Can You Tell Your Story?

In 1985, when Iacooca topped the best seller list, it seemed that a new genre of business literature was born. Since then, we have read hundreds of stories written by CEOs and industry execs in an effort to better understand leadership. We have learned from Jack Welch, Steve Jobs, Buffett, Branson … the list goes on and on. If dollar sales are a measure of success, we LOVE reading leadership stories written by other people. And we have all gained some valuable insights.

But those are other people’s stories, and while they can help shape your thoughts on how to lead or not lead, at the end of the day, you have your own story to tell. Now of course everyone isn’t going to write an autobiography, but realizing that you are the writer of your own story is very empowering. And who said you have to be a CEO in order to tell it or for people to want to hear it? No one!

With a little thought and practice, everyone can learn to tell “their story” that defines who they are, what they are about, and why. And even if you already do a great job telling a story about something that happened, it takes a lot of reflection and looking back at pivotal moments to decide what you learned about yourself during those times. This part is even more important than being able to share the actual events, because it gives people insight into what they can expect from you.

Your story is constantly being written, whether you realize it or not, and being in tune with the chapters will help guide your future decisions as well as the story ending.

How do you start: Think about three or four things that people would say about you that you believe represent your “brand”. For example, do people say that you work well with ambiguity, or that you seem to have great balance, or that you can look at different sides of an issue? Or do they say that you are a cheerleader, an optimist, or really good at planning the details?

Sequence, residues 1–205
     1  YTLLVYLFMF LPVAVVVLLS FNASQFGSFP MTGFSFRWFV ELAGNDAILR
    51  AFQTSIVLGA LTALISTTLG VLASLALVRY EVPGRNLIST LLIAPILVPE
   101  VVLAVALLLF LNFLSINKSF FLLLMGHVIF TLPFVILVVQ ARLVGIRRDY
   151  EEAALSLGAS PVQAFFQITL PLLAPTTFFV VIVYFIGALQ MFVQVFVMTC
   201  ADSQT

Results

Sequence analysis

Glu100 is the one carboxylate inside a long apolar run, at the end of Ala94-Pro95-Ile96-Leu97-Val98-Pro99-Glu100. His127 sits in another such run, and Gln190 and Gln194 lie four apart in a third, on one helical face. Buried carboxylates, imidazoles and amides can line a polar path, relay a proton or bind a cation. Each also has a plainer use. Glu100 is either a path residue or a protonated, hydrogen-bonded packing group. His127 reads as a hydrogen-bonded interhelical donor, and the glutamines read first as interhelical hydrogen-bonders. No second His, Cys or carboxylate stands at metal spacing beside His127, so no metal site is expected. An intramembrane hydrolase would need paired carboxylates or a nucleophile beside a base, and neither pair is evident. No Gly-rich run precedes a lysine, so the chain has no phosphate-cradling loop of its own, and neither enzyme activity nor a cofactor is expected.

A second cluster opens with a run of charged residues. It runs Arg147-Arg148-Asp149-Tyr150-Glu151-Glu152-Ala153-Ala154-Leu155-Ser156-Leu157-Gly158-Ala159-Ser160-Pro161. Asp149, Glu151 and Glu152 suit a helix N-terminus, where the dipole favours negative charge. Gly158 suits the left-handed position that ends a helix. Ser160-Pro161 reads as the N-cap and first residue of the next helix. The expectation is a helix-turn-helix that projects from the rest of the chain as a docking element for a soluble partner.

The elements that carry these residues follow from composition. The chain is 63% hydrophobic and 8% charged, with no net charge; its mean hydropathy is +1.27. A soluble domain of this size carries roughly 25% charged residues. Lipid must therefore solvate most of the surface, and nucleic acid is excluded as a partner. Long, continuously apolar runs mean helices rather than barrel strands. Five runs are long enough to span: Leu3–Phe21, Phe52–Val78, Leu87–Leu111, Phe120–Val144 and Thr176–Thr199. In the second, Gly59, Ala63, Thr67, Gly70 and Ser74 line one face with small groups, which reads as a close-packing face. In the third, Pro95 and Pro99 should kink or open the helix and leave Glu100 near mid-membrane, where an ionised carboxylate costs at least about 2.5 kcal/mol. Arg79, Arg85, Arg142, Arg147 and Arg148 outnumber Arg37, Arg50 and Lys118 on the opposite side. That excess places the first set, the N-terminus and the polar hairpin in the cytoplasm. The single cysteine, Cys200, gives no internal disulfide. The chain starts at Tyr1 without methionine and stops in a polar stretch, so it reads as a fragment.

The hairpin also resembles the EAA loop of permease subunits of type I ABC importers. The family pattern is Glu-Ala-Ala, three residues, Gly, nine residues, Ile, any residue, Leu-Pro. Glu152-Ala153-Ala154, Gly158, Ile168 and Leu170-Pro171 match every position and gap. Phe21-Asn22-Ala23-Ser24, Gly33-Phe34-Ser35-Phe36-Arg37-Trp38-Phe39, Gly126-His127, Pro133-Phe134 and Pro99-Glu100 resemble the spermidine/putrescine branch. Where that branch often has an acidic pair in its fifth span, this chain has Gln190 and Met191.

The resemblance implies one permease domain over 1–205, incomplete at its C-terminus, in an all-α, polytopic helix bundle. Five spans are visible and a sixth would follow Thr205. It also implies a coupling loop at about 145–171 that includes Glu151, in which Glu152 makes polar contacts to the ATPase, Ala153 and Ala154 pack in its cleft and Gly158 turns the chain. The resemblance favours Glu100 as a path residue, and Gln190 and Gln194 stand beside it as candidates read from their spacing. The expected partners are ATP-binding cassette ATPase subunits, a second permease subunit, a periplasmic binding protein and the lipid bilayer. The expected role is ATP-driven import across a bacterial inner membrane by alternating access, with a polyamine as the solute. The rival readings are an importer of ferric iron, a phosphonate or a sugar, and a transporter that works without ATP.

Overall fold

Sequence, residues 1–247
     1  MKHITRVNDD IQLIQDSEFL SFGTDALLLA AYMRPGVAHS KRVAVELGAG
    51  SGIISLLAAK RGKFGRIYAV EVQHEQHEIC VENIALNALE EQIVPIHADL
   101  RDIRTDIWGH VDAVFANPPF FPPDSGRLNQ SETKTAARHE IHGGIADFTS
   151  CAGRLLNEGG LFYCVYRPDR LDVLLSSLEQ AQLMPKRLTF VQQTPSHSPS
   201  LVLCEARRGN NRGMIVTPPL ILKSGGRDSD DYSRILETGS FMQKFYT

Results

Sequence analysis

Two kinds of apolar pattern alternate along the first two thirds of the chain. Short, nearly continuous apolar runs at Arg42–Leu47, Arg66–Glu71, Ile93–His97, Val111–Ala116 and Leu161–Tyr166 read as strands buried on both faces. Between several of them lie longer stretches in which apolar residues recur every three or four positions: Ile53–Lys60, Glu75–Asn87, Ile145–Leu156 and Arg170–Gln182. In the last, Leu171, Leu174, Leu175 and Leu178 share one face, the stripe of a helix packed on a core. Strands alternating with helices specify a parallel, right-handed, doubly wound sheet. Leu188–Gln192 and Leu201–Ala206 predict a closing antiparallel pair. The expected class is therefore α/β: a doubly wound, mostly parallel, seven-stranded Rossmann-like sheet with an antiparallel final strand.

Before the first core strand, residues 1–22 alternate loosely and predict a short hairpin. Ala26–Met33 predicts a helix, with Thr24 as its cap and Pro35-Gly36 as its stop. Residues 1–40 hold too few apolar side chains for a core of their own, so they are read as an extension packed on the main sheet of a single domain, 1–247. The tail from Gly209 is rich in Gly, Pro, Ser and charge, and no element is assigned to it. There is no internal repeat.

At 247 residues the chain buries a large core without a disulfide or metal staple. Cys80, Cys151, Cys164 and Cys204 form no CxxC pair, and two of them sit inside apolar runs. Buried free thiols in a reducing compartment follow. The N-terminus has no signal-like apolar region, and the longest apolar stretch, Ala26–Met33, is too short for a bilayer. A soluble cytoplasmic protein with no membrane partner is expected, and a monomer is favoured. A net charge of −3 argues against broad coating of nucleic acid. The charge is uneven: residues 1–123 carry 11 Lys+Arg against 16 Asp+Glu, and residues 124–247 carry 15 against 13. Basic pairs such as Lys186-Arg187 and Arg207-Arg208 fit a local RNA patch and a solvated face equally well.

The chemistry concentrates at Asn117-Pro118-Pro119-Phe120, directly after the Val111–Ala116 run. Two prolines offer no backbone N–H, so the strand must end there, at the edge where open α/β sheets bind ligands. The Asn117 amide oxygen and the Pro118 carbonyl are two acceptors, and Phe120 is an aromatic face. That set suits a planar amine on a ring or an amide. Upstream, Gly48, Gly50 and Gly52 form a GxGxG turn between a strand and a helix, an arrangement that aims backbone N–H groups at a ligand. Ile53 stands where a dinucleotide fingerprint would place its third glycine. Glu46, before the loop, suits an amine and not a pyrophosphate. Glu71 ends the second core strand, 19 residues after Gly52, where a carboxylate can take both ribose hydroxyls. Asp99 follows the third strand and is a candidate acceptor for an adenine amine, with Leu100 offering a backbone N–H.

After you come up with three or four things, ask yourself when you first realized each of those things to be true. What were the circumstances? Can you also think of other situations that validated what you learned about yourself? The more examples you have the more likely it is that each of these aspects is truly a part of your brand and thus a part of your story. If you are like me you will probably have a good mix of funny, painful, challenging and humbling experiences that truly make up your story. The stories you choose to share are up to you.

So now what: How do you share that information? You don’t need a giant forum, or a meeting or a book deal. Just start by thinking of it as a new way to introduce yourself that will convey much more than the traditional information you most likely share about where you grew up, how many siblings you have, or where went to school.

The next time someone says tell me about yourself, I am going to say “I look at change as an unexpected adventure, I don’t take myself too seriously, and I like to choose the rose colored glasses … and do I have some stories to tell you.”

Start thinking now. What does your story say about you? What do you want it to say?

LeeAnne Vaughn

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